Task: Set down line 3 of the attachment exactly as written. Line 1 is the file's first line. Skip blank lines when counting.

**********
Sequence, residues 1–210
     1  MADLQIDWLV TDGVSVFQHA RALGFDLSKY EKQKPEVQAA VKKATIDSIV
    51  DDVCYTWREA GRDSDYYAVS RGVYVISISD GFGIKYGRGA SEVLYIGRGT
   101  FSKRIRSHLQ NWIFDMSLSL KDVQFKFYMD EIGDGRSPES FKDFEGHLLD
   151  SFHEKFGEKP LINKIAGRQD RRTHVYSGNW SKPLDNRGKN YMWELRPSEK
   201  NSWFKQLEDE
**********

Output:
    51  DDVCYTWREA GRDSDYYAVS RGVYVISISD GFGIKYGRGA SEVLYIGRGT